Reading 3 min.
in collaboration with
Arnaud Cocaul (Nutritionist)
A new US study reveals a link between large amounts of ultra-processed foods and the risk of depression. One more reason to reduce their consumption and review your diet? Decryption with nutritionist doctor Arnaud Cocaul.
More and more studies demonstrate the harmful effects of ultra-processed foods on general health: they increase the risks of premature death, cancer, strokes, heart attacks, diabetes, high blood pressure, biological aging, overweight and even obesity and autism in the unborn child. Today, a new study reveals that an overly processed diet could also promote the occurrence of depression among regular consumers.
Damage to our mental health from 9 servings per day
This conclusion comes from a large study carried out by researchers from Harvard University in particular. The eating habits of 30,000 women suffering from depression between 2003 and 2017 were scrutinized.
The authors were particularly interested in the consumption of foods, such as:
- Ultra-processed cereals;
- Sweet snacks;
- Prepared meals;
- Fats and sauces;
- Ultra-processed dairy products;
- Salty snacks;
- Processed meat;
- Beverages and artificial sweeteners.
The result: Women who consumed nine or more servings of ultraprocessed foods per day (from the list) had a 49% increased risk of depression compared to those who consumed fewer than four servings per day. Additionally, those who reduced their consumption of ultraprocessed foods by at least three servings per day had a lower risk of depression than those whose consumption was relatively stable.
“These findings suggest that high consumption of ultraprocessed foods, particularly artificial sweeteners and artificially sweetened beverages, is associated with an increased risk of depression.”conclude the authors.
“Anything that modifies the intestinal microbiota can act on the nervous system”
Consulted on the subject, Dr Arnaud Cocaul, nutritionist explains this link between processed food, sweetened drinks and mental health.
“All the ingredients that come into play in the composition of processed foods, such as emulsifiers and additives, have the particularity of modifying the digestive flora and the intestinal microbiota. Likewise, synthetic sweeteners which soften the taste such as aspartame, sucralose, act on the intestinal microbiota and even modify intestinal impermeability, thus allowing substances to pass through that it should not.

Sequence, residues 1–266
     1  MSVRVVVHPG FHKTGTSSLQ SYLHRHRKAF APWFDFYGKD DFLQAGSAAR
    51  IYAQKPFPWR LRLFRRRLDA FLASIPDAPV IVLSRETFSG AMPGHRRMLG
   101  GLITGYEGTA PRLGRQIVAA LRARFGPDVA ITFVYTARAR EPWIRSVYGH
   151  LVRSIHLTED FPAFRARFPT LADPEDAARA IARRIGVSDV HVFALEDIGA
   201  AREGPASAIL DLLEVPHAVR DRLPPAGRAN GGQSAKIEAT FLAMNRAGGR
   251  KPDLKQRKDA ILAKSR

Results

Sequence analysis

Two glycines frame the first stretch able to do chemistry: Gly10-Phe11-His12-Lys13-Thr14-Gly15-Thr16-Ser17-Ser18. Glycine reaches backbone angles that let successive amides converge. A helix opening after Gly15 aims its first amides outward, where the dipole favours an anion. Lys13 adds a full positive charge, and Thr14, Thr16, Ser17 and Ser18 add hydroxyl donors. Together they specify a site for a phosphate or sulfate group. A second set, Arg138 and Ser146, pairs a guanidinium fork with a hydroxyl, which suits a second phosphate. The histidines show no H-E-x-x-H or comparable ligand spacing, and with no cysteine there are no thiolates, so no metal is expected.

And these changes are not without consequences on our mental health.
“The intestine, as we know, is connected to the central nervous system. Modifying the microbiota is therefore capable of causing damage to other organs from a distance. In addition, these foods depleted in vitamins, or whose added vitamins are not sufficient , also reduce the amount of antioxidants needed. That they increase the risk of depression, yes, it’s obvious!”
Following this observation, how can we adapt our diet?
“The current problem is that many foods are ultra-manufactured, with industrial technology that is not adapted to human technology, to what the body really needs. If you add to this the pollution in which we are immersed, you have the two major societal issues of the moment.”
NO to diets, YES to WW!
Little tips for a healthier diet
No food is “bad” as long as it brings pleasure and its consumption remains reasonable. If it is difficult for you on a daily basis to completely ban ultra-processed foods, a few simple rules allow you to choose them best:
- Avoid recipes containing partially hydrogenated fatssources of trans fatty acids (harmful from a cardiovascular point of view);
- When you have the choice between two similar products, opt for the one that has the fewest additives, is the least salty, contains rapeseed oil in preference to palm oil, contains sugar in preference to glucose or glucose fructose syrup;
- Favor products with the shortest list of ingredients;
- If possible, favor organic productsfor which the list of authorized additives is limited to 48 (compared to almost 400 in ordinary foods).
- Replace ultra-processed products as much as possible with less processed productsjust as quick to cook and pleasant to eat.